A series of majestic emerald arcs light up one of Britain's most iconic landmarks in this stunning photograph taken with one of the longest-ever exposures. The spectacular picture shows each phase of the sun over Bristol's Clifton Suspension Bridge taken over a six month period.
It plots the sun's daily course as it rises and falls over Brunel's famous structure, which spans the 702ft (214m) Avon Gorge. Incredibly, the eerie image was captured on a basic pin-hole camera made from an empty drinks can with a 0.25mm aperture and a single sheet of photographic paper.
Photographer Justin Quinnell strapped the camera to a telephone pole overlooking the Gorge, where it was left between December 19, 2007 and June 21, 2008 - the winter and summer solstices.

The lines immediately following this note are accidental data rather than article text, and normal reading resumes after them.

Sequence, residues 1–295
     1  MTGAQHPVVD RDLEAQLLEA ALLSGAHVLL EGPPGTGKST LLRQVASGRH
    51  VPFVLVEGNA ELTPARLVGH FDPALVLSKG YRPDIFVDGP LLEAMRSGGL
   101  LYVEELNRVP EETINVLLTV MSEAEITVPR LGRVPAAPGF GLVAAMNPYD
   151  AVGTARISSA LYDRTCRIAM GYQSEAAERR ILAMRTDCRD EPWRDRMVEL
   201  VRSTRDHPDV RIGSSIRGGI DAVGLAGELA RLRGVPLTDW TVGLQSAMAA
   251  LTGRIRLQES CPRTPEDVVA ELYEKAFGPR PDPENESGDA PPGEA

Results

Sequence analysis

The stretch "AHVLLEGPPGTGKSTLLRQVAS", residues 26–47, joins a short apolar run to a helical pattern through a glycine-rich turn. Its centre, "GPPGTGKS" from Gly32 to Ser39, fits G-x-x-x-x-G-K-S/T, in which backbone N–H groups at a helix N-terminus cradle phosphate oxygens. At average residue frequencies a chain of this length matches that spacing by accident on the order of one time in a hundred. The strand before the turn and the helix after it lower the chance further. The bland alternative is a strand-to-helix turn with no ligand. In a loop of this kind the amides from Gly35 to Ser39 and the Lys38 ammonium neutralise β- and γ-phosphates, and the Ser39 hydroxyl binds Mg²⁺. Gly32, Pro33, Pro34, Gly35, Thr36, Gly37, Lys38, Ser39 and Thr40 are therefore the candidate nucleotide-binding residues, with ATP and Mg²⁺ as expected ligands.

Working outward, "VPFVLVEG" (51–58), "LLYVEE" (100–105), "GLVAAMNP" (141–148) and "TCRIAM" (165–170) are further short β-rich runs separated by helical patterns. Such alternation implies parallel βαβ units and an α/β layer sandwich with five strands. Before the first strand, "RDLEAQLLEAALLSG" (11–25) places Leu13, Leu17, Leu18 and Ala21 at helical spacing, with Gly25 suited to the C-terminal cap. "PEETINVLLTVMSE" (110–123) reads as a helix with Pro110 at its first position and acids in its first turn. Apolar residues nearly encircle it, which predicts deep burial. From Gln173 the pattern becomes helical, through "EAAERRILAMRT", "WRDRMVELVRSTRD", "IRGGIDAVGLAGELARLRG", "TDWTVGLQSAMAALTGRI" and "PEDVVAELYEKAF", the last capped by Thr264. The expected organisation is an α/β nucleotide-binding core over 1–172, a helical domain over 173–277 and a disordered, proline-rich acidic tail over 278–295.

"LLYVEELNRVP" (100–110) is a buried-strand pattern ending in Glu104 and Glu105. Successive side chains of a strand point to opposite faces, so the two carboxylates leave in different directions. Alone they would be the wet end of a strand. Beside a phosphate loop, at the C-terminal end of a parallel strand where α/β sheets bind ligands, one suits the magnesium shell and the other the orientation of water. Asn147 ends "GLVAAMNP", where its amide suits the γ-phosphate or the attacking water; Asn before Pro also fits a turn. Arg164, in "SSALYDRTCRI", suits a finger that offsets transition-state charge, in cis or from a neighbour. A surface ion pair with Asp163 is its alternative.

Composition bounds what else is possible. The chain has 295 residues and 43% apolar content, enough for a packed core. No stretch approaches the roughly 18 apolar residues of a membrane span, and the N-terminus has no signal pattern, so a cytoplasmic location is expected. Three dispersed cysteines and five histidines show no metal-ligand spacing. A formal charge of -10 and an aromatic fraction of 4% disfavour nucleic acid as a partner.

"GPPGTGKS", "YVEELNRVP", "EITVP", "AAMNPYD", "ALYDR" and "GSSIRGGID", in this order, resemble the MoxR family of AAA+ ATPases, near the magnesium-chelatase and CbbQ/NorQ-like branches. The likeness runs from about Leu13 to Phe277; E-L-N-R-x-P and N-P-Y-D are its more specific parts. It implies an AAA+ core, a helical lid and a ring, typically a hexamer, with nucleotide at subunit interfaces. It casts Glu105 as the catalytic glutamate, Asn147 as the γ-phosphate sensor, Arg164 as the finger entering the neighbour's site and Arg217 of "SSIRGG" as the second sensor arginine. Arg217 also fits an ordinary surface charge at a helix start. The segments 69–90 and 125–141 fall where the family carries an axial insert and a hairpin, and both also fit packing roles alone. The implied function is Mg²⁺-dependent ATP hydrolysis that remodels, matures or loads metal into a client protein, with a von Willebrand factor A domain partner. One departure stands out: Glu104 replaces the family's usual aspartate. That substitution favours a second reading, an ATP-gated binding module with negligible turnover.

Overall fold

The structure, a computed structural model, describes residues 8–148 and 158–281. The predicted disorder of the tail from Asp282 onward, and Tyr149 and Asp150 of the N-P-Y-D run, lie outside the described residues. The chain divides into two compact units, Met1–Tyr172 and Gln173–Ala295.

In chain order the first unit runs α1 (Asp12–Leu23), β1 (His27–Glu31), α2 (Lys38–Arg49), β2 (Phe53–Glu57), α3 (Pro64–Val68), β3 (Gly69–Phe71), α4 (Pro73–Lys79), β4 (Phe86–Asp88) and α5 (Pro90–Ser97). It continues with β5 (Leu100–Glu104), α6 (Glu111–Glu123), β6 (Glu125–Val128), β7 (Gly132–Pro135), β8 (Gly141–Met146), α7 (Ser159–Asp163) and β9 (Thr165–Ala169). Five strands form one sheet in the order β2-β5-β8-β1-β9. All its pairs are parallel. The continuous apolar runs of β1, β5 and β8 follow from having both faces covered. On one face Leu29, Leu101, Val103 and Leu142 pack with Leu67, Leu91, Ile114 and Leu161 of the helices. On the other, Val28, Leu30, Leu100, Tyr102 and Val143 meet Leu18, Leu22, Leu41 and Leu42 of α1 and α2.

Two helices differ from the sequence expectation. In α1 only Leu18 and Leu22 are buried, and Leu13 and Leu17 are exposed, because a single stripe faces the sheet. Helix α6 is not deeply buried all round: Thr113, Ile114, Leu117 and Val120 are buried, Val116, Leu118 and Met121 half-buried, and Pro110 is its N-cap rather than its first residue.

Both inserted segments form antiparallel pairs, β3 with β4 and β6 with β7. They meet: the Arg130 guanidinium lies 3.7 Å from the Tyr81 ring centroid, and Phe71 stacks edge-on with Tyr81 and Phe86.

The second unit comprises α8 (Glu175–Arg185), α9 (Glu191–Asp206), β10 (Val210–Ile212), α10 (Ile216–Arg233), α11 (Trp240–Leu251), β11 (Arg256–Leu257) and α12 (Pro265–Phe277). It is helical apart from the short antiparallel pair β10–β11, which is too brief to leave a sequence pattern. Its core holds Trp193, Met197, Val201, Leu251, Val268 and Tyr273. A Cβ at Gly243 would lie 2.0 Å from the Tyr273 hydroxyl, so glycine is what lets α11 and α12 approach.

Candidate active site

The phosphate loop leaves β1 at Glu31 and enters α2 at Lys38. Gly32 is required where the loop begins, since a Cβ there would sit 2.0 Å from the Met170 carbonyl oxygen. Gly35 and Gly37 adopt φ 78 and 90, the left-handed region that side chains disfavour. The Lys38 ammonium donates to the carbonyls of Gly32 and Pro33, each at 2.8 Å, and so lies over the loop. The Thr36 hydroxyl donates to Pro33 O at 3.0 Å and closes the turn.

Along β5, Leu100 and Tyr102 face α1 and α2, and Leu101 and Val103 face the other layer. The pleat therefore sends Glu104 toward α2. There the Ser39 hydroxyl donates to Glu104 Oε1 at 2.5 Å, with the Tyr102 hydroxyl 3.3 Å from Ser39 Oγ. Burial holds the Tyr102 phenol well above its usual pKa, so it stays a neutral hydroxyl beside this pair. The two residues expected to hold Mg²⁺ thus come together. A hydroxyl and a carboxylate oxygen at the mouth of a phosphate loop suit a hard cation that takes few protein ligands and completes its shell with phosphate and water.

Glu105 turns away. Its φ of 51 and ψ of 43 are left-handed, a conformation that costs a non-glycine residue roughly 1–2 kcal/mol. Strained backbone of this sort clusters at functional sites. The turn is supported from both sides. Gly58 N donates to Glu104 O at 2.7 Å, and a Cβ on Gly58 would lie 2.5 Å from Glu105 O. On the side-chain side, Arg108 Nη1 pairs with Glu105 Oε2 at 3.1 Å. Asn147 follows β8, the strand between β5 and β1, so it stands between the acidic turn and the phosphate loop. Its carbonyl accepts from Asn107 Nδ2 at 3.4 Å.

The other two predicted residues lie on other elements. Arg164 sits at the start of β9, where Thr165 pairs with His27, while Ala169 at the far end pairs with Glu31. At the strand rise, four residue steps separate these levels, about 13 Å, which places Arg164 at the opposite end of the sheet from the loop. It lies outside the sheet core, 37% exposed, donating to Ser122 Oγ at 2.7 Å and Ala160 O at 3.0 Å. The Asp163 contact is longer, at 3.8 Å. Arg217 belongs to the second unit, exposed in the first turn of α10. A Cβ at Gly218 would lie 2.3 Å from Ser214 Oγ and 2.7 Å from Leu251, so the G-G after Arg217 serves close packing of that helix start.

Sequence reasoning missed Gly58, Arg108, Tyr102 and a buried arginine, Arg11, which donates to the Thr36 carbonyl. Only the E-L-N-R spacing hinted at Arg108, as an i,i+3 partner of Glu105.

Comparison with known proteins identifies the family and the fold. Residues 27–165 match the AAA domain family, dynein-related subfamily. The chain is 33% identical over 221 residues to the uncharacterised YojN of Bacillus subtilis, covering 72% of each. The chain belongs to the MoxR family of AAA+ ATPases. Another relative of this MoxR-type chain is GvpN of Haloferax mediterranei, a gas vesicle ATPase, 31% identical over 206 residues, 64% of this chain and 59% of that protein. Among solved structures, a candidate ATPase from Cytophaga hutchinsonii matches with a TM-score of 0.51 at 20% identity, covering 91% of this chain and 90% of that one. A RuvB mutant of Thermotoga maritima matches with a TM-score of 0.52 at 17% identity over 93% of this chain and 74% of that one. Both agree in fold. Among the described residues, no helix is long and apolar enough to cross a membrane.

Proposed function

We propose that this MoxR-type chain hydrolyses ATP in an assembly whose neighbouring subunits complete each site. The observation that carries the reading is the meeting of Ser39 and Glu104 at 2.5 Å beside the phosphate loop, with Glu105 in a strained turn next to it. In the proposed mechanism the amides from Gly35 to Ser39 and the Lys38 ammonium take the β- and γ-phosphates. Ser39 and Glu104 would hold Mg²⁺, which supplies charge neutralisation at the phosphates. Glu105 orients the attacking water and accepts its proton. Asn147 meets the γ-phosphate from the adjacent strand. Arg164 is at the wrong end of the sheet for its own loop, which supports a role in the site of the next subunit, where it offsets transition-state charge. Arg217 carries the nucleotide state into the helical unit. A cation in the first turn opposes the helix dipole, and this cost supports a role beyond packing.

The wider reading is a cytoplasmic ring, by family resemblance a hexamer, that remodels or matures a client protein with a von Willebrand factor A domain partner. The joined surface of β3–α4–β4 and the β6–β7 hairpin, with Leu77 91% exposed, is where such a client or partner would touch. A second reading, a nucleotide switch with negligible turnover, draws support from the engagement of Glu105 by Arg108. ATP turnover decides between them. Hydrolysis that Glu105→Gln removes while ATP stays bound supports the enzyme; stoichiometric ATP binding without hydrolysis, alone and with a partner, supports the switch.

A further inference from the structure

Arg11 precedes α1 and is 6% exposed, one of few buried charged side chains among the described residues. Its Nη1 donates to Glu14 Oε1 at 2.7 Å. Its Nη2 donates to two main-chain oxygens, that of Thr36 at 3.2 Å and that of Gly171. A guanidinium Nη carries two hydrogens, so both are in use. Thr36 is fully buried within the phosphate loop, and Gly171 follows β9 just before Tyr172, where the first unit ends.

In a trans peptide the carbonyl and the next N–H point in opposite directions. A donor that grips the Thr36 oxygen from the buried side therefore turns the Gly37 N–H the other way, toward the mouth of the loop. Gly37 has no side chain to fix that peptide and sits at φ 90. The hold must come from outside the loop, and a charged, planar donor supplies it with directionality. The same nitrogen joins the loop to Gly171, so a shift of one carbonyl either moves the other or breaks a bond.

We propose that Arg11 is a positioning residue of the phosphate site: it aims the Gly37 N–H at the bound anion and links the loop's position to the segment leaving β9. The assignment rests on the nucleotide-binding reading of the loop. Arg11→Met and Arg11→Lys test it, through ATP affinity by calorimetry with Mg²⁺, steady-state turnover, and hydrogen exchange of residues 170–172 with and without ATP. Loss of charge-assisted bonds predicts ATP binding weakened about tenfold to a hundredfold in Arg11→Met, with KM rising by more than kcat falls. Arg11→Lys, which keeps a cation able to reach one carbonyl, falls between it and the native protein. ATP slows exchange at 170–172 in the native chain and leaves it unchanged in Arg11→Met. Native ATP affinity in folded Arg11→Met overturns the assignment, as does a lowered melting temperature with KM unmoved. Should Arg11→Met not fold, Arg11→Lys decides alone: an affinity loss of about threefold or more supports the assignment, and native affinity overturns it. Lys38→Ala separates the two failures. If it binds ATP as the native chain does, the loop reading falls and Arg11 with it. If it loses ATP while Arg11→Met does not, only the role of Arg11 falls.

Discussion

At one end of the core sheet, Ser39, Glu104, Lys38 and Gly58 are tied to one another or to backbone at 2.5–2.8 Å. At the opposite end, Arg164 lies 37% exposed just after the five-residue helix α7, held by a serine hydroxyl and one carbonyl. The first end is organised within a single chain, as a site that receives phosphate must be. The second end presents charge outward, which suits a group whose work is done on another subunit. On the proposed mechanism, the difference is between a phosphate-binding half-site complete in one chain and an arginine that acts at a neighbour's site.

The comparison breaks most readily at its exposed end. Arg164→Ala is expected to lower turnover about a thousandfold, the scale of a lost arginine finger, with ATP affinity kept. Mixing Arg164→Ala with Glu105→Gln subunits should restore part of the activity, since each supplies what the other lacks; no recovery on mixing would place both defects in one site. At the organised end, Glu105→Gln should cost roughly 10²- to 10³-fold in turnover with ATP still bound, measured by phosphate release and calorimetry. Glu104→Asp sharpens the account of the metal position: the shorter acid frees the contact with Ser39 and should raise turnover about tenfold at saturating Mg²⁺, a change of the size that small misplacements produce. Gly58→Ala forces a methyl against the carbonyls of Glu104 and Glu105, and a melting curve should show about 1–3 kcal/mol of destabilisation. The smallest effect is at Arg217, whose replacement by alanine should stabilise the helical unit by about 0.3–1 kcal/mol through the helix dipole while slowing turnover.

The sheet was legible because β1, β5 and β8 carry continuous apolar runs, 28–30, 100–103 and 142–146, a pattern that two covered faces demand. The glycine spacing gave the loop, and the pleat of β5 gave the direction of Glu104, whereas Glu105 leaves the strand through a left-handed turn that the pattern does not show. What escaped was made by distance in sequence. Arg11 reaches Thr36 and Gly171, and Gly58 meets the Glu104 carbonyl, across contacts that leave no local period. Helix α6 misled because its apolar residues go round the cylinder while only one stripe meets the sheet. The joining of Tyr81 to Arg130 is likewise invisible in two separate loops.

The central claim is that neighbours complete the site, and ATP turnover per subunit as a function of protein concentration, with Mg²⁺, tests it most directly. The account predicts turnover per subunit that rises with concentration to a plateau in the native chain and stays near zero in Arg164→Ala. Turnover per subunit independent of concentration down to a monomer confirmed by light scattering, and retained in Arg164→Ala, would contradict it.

The photograph, called 'Solargraph', shows six months of the sun's luminescent trails and its subtle change of course caused by the earth's movement in orbit. The lowest arc shows the first day of exposure on the winter solstice, while the top curves were captured in the middle of summer. Its dotted lines of light are the result of overcast days when the sun struggled to penetrate the cloud.
Mr Quinnell, a world-renowned pin-hole camera artist, of Falmouth, Cornwall, said the photograph took on a personal resonance after his father passed away on April 13 - halfway through the exposure.
He says the picture allows him to pinpoint the exact location of the sun in the sky at the moment his father passed away.
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